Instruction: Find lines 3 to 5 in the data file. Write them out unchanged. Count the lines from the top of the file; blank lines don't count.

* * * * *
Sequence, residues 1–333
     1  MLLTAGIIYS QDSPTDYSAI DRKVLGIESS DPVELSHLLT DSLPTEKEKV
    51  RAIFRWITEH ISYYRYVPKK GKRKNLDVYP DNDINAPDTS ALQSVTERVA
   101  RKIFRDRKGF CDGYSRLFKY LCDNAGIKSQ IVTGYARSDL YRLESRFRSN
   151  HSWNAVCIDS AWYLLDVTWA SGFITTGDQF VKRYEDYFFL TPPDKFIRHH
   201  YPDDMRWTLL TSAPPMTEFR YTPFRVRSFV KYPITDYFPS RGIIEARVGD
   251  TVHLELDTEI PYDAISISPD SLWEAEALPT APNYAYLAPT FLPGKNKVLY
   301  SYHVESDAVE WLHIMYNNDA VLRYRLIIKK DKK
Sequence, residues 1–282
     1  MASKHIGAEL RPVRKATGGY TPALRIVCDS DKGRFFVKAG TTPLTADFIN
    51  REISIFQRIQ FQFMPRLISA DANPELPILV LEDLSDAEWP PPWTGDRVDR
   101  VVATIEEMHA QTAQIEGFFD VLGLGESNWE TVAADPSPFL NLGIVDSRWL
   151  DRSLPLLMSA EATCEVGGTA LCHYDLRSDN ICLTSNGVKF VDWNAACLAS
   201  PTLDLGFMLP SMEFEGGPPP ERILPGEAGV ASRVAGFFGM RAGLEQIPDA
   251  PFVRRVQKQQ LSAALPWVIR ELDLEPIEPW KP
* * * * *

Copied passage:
    51  RAIFRWITEH ISYYRYVPKK GKRKNLDVYP DNDINAPDTS ALQSVTERVA
   101  RKIFRDRKGF CDGYSRLFKY LCDNAGIKSQ IVTGYARSDL YRLESRFRSN
   151  HSWNAVCIDS AWYLLDVTWA SGFITTGDQF VKRYEDYFFL TPPDKFIRHH